Two types of tail light designs are found on vehicles: an independent bulb system and a common bulb system. If the brake light and turn signal operate from the same bulb, the tail light design is common. If the brake and turn work from separate bulbs, the design is independent. The industry standard found on trailers is a common bulb system. Vehicles will vary depending on the make and model. Any vehicle that has an independent bulb system must have a converter to“convert” the independent system to a common which is required on a trailer. A converter enables vehicles with independent brake lights and turn signals to provide proper lighting to the trailer.
Electronics on many newer vehicles are not equipped to handle the extra amp load that trailer lights require. A power converter provides power directly from the battery bypassing the electronics. This guarantees protection for sensitive electronics found on these vehicles.
This wire provides the power to the trailer lights. Green/RT, yellow/LT, red/brake, and brown/tail lights going to the power converter are only used as a signal. Once a function is used on the vehicle, the converter provides the actual power for the trailer lights from the battery. This allows you to bypass all the vehicle electronics to provide guaranteed safety.
Check all wires for bare copper or places where a wire could be pinched and calculate the amp load your trailer is pulling. Most vehicles are equipped to handle only standard lighting on trailers; one turn/brake signal on each side and one marker light on each front corner. Check your vehicle owner’s manual for specific ratings.
Yes, you should always unplug your boat trailer when backing into the water. When the trailer lights are submersed in water, it can create a short causing vehicle fuses to blow and/or result in damage to your wire harness and vehicle.
You have a ground problem. In your situation, you have a ground that is strong enough to provide some lighting functions but not all. This is called a weak ground. When the tail lights and brake lights are used at the same time, it creates the maximum amp load of lights on the trailer. If a ground problem exists, it will show at this point. The places to check grounds are as follows:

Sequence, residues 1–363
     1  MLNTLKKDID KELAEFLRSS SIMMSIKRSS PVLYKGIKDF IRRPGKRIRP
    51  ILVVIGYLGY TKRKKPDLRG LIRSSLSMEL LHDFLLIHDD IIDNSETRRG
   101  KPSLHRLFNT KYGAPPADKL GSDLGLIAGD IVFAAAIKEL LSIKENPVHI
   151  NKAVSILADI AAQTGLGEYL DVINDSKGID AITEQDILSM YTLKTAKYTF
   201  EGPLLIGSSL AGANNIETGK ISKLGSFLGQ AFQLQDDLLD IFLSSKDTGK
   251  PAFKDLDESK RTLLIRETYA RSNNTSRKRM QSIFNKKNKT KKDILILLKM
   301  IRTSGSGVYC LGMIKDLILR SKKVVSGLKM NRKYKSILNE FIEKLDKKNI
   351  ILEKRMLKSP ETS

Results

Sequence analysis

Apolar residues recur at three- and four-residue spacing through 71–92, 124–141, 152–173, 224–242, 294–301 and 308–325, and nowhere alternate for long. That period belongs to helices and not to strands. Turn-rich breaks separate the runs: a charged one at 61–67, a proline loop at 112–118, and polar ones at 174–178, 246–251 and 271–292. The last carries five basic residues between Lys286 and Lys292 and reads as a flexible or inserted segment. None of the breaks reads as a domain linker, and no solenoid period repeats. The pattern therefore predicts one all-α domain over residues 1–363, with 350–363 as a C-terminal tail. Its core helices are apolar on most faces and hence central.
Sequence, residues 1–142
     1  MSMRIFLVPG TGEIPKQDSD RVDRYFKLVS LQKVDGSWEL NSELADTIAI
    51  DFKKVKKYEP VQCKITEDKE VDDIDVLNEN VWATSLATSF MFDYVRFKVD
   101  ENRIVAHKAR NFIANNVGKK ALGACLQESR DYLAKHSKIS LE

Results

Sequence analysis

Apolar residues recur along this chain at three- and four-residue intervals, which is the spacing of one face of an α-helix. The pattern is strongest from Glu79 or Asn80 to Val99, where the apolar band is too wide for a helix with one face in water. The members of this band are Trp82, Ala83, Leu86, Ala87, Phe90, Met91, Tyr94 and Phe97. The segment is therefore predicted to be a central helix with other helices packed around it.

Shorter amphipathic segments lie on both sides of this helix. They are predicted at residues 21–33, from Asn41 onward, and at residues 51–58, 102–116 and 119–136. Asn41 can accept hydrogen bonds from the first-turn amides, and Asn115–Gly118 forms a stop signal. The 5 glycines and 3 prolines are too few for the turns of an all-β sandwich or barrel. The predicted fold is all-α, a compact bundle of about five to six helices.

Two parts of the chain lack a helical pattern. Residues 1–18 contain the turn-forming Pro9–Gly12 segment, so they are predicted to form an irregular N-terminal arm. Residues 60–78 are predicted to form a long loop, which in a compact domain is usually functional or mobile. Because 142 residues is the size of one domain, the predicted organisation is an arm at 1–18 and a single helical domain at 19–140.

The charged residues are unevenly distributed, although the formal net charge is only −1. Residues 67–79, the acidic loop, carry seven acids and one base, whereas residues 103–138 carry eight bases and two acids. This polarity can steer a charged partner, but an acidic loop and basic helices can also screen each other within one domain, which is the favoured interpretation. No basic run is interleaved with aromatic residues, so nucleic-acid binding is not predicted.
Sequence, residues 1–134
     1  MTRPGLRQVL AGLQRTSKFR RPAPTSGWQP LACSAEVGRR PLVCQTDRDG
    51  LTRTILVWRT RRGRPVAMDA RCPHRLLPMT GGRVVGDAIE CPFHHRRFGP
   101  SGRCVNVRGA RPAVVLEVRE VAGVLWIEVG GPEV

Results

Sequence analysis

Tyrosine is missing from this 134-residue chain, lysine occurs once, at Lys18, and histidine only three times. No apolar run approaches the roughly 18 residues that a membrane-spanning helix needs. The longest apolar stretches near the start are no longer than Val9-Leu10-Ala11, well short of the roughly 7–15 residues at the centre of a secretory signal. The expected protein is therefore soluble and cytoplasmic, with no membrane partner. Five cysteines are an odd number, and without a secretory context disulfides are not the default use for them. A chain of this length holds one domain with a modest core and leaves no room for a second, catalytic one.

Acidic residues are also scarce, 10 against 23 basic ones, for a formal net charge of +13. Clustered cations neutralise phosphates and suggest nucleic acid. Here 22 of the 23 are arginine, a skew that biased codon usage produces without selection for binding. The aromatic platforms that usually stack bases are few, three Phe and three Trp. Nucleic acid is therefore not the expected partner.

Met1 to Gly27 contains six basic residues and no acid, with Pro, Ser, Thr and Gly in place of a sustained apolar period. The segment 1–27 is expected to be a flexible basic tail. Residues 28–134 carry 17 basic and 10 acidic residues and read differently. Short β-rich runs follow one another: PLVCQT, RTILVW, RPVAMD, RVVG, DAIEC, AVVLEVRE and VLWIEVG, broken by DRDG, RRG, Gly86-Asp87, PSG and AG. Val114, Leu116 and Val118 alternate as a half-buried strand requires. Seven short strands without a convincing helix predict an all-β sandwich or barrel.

1. The connector on the vehicle should have a ground wire secured tightly to a clean surface on the frame. A wire attached to the body or a surface with undercoating or rust can cause a ground problem.
2. The connector on the trailer should have a wire from the connector secured tightly to a clean surface on the trailer.
3. Each tail lamp assembly at the back of the trailer also must be grounded. This is done in one of two ways. The first is by a separate wire coming from the back of each tail lamp assembly being secured to the frame. The second, and most popular, ground is achieved through the bolts of the tail lamp assembly. In this case, the lamp housing must be attached to the frame of the trailer. If the lights are mounted on wood or PVC material, the light will not receive ground.
4. The last possibility to explore is in the trailer design. If the trailer has a tilting bed, it is possible the ground is not passing through the pivot point resulting in a poor ground. The solution to this is to route a ground wire from the connector at the front of the trailer to each lamp assembly at the back of the trailer bypassing this pivot point.
NOTE: The trailer hitched to the ball of the vehicle should never be considered sufficient ground.
This is usually related to one of two things. The first could be a short somewhere in the system. All wiring and the vehicle connector should be checked and tested. The second, which is the most common problem, is a weak ground in the system. Refer to the above question and follow steps one through four.
When you add trailer lights to a vehicle system, the turn signal amp load basically doubles. Most vehicles have a flasher that controls the blink of a turn signal. The standard flasher provided in many vehicles will not handle this extra load. You should replace your flasher with a heavy duty one (8 to 10 amp) and make sure the vehicle engine is running. The flasher will slow down your turn signals and a running engine will increase brightness of the lamps.
A time based brake control sends out your adjusted power setting over a set time frame with each depression of the brake pedal, regardless of how hard you press or how long you hold the brake pedal. A proportional controller activates the trailer brakes according to how much braking force was created while braking your vehicle. This ensures that the brake control is proportionally sending the same amount of power to the trailer brakes mirroring the braking of the tow vehicle.
Occasionally apply di-electric grease to all electrical terminals to prevent corrosion and ensure good continuity.
When testing to see if trailer lights are functioning, ensure that the trailer is connected to the ball mount of the vehicle hitch.
Always check all trailer lights before towing to ensure proper operation.
Always check battery level of the breakaway system before towing.